2020Home .357 32 2 0 1 0 .138 .219 .138
2020Away .561 50 10 0 2 3 .239 .300 .261
2019Home .568 185 11 0 13 7 .250 .277 .291
2019Away .737 236 25 3 21 15 .294 .325 .412
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Recent RotoWire Articles Featuring Dee Strange-Gordon
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Past Fantasy Outlooks
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Well, at least you don't have to decide if it's worth investing a second-rounder anymore. Gordon could still be a top stolen base contributor, but his days of dominating the category are history. There are several reasons. Gordon isn't getting on base as frequently, pushing him to the bottom of the order most of the time. Not only is he getting fewer opportunities, Gordon runs on a lesser percent of chances when hitting in the lower third of the order. Injuries are also a factor with Gordon missing chunks of the past season with wrist, quad and back woes. Finally, even if healthy, he may not play every day as Seattle has youngsters ready at second base and in the outfield. Gordon still runs with 84th percentile speed so he should continue to maintain a plus batting average and score runs. However, in the current landscape, the lack of power is even more detrimental, irrespective of where he's drafted.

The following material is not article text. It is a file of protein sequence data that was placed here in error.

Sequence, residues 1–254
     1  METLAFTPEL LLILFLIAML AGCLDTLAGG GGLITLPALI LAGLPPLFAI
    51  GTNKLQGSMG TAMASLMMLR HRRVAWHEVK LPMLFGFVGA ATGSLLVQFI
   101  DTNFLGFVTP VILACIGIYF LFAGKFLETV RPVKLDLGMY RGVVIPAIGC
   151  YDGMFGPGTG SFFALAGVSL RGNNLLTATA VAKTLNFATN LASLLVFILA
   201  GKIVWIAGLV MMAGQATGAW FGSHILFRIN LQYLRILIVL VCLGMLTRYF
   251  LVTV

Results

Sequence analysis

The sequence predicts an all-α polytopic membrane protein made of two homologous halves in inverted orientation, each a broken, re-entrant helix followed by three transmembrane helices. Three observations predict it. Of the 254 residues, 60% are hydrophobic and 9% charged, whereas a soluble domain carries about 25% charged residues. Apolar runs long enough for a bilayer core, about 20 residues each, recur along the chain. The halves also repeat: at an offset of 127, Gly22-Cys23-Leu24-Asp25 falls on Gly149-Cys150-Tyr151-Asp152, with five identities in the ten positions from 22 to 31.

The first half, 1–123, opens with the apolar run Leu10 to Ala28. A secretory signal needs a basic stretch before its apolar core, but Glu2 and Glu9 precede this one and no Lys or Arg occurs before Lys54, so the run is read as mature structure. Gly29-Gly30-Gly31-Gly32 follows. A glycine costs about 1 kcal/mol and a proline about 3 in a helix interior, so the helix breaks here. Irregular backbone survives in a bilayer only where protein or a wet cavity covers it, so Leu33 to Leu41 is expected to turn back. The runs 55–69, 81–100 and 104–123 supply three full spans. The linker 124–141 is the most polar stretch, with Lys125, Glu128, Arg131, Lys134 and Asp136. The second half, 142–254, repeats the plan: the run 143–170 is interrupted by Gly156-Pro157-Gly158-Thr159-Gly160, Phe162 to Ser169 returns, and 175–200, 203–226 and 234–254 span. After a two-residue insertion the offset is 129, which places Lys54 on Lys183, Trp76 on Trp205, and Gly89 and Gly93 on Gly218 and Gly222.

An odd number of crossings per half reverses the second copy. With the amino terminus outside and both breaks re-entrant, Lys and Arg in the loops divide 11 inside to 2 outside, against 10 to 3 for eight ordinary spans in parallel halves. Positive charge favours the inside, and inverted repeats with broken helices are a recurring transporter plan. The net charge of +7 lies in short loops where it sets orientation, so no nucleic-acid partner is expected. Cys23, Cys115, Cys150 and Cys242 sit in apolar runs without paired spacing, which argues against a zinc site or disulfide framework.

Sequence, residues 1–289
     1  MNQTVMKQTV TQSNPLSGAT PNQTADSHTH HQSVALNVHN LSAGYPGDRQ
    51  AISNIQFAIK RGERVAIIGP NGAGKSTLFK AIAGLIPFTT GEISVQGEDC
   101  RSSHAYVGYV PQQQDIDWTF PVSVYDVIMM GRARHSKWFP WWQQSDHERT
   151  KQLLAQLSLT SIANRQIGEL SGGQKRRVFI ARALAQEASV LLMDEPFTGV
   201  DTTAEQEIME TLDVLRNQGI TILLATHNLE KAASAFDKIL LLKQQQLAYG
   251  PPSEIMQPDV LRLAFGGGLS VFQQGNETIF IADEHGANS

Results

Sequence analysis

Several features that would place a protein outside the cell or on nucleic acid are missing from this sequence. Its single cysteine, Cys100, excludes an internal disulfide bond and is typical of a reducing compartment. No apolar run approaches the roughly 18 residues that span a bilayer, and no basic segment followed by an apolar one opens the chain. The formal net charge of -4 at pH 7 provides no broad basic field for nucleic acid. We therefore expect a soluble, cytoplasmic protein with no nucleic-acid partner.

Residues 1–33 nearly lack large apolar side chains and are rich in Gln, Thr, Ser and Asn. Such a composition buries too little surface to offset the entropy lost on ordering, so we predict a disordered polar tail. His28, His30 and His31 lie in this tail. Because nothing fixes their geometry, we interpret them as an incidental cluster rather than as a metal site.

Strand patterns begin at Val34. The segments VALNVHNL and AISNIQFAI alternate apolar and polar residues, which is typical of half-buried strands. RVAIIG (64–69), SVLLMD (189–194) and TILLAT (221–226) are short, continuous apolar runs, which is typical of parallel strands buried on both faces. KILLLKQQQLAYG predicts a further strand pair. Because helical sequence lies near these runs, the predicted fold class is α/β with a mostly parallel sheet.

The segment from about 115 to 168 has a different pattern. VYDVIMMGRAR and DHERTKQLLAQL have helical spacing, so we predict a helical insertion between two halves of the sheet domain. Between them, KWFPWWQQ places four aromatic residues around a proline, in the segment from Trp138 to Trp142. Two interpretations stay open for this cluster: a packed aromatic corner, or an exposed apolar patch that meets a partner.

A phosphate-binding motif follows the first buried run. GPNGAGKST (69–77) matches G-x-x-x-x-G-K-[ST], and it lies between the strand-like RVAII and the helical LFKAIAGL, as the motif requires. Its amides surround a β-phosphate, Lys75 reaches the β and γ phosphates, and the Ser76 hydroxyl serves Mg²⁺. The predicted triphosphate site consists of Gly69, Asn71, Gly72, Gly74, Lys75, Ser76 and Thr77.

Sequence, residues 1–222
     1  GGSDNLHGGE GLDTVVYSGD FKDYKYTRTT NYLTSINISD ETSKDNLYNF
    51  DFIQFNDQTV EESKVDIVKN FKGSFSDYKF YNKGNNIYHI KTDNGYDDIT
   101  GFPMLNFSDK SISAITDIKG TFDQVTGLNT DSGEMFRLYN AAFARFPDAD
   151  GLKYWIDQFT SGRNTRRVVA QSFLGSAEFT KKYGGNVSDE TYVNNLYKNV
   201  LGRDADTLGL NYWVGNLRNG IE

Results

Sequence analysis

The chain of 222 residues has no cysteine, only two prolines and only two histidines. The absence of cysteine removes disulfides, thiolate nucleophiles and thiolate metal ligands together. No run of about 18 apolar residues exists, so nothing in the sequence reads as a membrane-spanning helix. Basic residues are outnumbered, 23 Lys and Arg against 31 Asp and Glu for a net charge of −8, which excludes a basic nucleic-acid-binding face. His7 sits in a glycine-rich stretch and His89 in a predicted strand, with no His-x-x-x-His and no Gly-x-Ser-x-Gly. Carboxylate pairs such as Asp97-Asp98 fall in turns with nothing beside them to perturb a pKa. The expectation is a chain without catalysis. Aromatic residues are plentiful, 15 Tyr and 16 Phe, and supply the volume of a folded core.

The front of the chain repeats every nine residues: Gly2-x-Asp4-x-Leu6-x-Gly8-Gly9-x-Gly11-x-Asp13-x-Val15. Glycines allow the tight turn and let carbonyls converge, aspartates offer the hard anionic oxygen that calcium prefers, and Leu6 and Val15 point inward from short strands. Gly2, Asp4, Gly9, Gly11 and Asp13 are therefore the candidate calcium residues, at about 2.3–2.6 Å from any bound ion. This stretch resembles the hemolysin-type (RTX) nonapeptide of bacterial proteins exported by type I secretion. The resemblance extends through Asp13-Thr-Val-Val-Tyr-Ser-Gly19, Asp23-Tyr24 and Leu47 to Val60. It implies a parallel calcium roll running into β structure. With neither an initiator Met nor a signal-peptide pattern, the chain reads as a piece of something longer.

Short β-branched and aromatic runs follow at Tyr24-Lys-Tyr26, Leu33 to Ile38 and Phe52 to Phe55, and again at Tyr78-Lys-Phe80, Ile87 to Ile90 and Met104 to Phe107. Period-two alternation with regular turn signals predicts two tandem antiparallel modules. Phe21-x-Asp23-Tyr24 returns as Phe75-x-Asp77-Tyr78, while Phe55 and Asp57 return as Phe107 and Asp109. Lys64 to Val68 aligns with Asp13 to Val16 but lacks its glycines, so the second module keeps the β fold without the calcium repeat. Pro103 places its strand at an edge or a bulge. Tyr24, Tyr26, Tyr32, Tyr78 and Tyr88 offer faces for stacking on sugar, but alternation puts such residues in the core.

Gordon has been at one extreme or another over the past five seasons as he has stolen either close to 60 bases in a season, or 30. Last year was one of those down years and it marked the second time in three seasons he stole 30. Thirty is the new 60 in terms of the running game league-wide, but nobody who drafted Gordon as highly as they did last year projected him for 30 bases. The main culprit in the reduction of his running was an anemic 2% walk rate. Pitchers know they can overpower him with velocity, and will throw him strikes and allow him to put the ball in play and take their chances on the batted ball finding an infielder's glove. The 50-point drop in BABIP last year resulted in his lowest mark in that category since the 2013 season. The dual eligibility is nice for 2019, but the addition of Mallex Smith to the lineup could force Gordon's impatience down to the very bottom of the lineup, if he even remains in Seattle.